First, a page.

The pouring rain didn’t stop the money from pouring in. And the party tent that partially collapsed during the VIP reception? That didn’t dampen the mood (well, not by much) either.
“This is the most successful benefit we’ve had since 1994,” said Peggy Cooper Cafritz, co-founder of the Duke Ellington School of the Arts which raised $1.2 million through its annual “Performance Series of Legends” benefit concert at the Strathmore on Wednesday night amid unruly weather and equally unpredictable rock star schedules. Stevie Wonder, who was scheduled to perform alongside headliner Sting and his “very special guest” Paul Simon, wouldn’t be in the building. Wonder had to fly to Michigan because of a death in the family.
The disappointment was palpable during the pre-concert reception where whispers of “Stevie isn’t coming,” and “I hear someone got hurt” abounded over heavy plates of macaroni and cheese. “But we still have Sting!” chimed in Cooper Cafritz, whose date for the night, Rep. Jim Moran (D-Va.) was surprised the young crowd could rattle off Sting and Paul Simon hits, “Nooo, you’re too young.”
Rep. Chris Van Hollen (D-Md.) said he was looking forward to the headliners’ musical performance – but he was just as excited to hear the kids who could go on to be megastars in their own right. “A lot of kids who go through Ellington go on to be great successes,” he said. “Basically, I’m a big fan.”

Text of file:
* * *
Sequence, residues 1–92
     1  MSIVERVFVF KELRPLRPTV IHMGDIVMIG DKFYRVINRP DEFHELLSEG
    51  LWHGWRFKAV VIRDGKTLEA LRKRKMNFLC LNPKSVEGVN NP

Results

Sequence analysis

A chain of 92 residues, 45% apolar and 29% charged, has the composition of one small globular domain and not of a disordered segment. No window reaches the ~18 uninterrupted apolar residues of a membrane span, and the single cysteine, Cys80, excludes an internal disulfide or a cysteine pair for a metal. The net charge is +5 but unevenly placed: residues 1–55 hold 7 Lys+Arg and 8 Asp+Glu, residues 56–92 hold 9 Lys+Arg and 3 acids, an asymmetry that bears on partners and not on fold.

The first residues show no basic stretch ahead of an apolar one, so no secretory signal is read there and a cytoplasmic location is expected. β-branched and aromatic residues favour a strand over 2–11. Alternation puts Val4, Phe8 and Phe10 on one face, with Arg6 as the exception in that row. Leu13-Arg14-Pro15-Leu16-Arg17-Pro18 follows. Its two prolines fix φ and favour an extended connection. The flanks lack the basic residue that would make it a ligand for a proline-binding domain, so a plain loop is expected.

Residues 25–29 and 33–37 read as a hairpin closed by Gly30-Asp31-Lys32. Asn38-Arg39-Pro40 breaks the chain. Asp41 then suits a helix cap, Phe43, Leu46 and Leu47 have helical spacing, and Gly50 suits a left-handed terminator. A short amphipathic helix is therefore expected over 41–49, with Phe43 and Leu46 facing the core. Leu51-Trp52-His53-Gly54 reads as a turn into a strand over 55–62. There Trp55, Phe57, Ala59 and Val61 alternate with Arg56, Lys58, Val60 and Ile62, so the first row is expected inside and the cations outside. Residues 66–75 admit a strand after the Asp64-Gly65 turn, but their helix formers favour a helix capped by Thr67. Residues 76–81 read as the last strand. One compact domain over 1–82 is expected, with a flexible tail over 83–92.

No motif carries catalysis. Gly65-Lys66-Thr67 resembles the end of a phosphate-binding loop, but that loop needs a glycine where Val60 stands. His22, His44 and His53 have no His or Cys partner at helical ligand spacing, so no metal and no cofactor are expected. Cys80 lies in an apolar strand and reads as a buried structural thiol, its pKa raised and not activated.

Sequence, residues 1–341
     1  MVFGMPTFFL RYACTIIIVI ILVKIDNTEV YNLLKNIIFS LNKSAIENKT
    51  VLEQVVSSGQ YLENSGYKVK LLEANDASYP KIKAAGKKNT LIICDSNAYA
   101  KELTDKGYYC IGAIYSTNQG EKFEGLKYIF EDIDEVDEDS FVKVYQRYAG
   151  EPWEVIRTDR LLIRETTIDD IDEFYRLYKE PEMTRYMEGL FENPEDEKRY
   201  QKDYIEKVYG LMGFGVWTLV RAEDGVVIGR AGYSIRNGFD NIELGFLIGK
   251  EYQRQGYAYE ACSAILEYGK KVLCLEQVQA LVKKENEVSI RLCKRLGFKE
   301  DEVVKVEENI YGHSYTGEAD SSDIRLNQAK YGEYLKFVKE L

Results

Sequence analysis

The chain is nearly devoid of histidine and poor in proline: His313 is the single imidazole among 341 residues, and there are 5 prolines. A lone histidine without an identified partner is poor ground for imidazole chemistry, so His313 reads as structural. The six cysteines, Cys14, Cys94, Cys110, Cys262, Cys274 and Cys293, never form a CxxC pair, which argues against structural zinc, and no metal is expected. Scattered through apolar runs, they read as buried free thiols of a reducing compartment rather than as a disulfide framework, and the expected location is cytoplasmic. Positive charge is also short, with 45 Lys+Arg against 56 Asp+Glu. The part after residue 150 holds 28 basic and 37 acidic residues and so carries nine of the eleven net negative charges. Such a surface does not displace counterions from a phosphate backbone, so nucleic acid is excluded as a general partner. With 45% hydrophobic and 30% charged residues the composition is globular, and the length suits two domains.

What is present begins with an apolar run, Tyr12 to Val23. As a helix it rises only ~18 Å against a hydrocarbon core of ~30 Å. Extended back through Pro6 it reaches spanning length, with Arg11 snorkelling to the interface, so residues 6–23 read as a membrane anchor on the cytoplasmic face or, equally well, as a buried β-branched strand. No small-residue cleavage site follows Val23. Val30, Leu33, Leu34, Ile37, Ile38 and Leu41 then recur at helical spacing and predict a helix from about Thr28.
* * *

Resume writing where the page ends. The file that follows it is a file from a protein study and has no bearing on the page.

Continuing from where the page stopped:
Once folks got over the fact that Wonder was elsewhere, the difficult task of rocking out with Sting, Simon and a group of impossibly talented high school students got under way.
Dressed in leather leggings too tight for men a third his age but just right for a rock star, 62-year-old Sting began with the 80s classic “Englishman in New York” and the Duke Ellington School’s choir filled in as backup. “What are you guys doing tomorrow night?” he joked afterward. The crowd didn’t wait long for Sting to introduce his “great friend, teacher and mentor” Simon. The cellphones came out when the two sang Sting’s “Brand New Day” and then Simon’s “The Boxer.”
But the nostalgia couldn’t run completely wild, reined in as it was by an a cappella rendition of “Bridge Over Troubled Water” by the Duke Ellington School’s choir that literally took everyone’s breath away. It would have overshadowed Sting’s closing classic “Every Breath You Take” if not for students continuing to sing their hearts out in the background. A place most of them shouldn’t get used to.
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